May 23, 2013
Renaissance Man: Jason Tilk
May 03, 2013 @ Arts Collinwood in Cleveland, OH
Biomedical Art Exhibition
May 23, 2013
2013 Cleveland Institute of Art Commencement
May 20, 2013
2013 Student Summer Show
about 23 hours ago via Facebook
Calling all Craft Connoisseurs! Feed your soul at CIA this summer – take a class! Adult summer continuing education classes start soon – register today at my.cia.edu/ceco. · Independent/Advanced Jewelry Making · Stone Lithograpy · Independent Projects in Ceramics · Independent Glassblowing · Wood-Fire Kiln WorkshopContinuing Education - CE Home | Portalmy.cia.edu
May 16, 2013
Scholarships Fund CIA Grads' Travel Dreams
May 31, 2013
Cinematheque to Present Two Parallel Comedy Film Series
May 16, 2013
Plain Dealer Reports on the Groundbreaking of the New Gund Building
Intro to Jewelry and Metals
Work in this studio involves the field of jewelry and metalsmithing, its history, contemporary issues and activities, and the use and understanding of materials and processes. As a medium, metal presents more variables and potential than any other material. It can serve to produce sound, light, heat, motion, to present color, texture, and form, to store and release energy, and provide strength, and durability, all of which increase the options in your work. An introduction to the field of Jewelry and Metals includes the foundation techniques and skills necessary to work with non-ferrous metals associated with jewelry, utilitarian and small-scale objects. The course includes a rich collection of slide presentations, thorough demonstrations, technical exercises, assignments, discussion, and critiques. Throughout the semester we will explore the use of metal as a medium for artistic expression. A strong emphasis will be placed on your ability to use design principles, aesthetic considerations, character and emotional content, idea and concept to achieve a visual statement. Required of first semester Jewelry and Metals majors. Open to all electives. Offered fall and spring. 3 credits.expand collapse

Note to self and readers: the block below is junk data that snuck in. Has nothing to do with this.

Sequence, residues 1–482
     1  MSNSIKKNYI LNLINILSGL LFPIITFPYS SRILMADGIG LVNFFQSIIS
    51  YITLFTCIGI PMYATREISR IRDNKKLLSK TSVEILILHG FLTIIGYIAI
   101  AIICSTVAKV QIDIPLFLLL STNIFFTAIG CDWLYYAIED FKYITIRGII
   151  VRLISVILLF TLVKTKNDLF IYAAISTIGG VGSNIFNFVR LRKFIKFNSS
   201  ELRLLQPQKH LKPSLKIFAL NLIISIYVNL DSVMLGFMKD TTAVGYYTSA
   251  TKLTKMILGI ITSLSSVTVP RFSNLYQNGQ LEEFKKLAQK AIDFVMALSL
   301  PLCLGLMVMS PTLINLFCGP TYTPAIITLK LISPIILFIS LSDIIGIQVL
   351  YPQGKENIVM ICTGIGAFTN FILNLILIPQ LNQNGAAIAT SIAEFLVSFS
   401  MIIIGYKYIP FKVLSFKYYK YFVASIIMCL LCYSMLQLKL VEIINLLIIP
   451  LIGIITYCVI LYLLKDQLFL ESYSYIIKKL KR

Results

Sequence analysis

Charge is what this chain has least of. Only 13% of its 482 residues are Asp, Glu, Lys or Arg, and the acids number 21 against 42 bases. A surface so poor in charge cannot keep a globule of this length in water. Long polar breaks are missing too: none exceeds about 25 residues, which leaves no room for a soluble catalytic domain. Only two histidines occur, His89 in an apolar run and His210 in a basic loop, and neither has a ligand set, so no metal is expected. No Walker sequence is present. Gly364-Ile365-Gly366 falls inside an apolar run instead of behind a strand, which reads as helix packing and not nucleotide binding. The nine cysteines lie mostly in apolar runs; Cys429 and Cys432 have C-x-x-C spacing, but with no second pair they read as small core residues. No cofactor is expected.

Jewel Metal Settings
Course No. MET362/462 Credits: 3
Faculty Kathy Buszkiewicz
This course will examine the subject as well as the process of settings. Exploration of basic and advanced stone setting procedures will occur. The 'stones' being set during the course of the semester will be precious or semi-precious gems, minerals, found or handmade objects created from a variety of materials. Investigations will result in several pieces of jewelry or objects created as they are addressed by assignments in the class. Affordable gems will be available to purchase. Demonstrations, samples and a visiting artist will supplement the course. Open to majors, intermediate and advanced electives.
Jewelry & Metals Thesis
The thesis book project was established in the Jewelry and Metals department and has been required course work since 1965. The development of the thesis book allows each major to write about a range of experiences from their work, and document the development of a body of work in text, photos, and renderings. Each thesis becomes part of an important collection that dates back to the earliest BFA degrees. Essay subjects are presented to challenge students to conduct research and examine their own position. Discussions and presentations vary to recognize the direction of the group. The course culminates in creating two copies of the book - one that stays within the department as an archival object and teaching tool and the other acts as a professional portfolio upon graduation for the individual student. The second half of a two-semester course. Open to graduating Jewelry and Metals majors and all electives who are seniors. Required of 4th year graduating Jewelry & Metals majors. Offered spring. 1.5 credits.expand collapse
Jewelry & Metals: Advanced Projects
Course No. MET453 Credits: 3
Faculty Matthew Hollern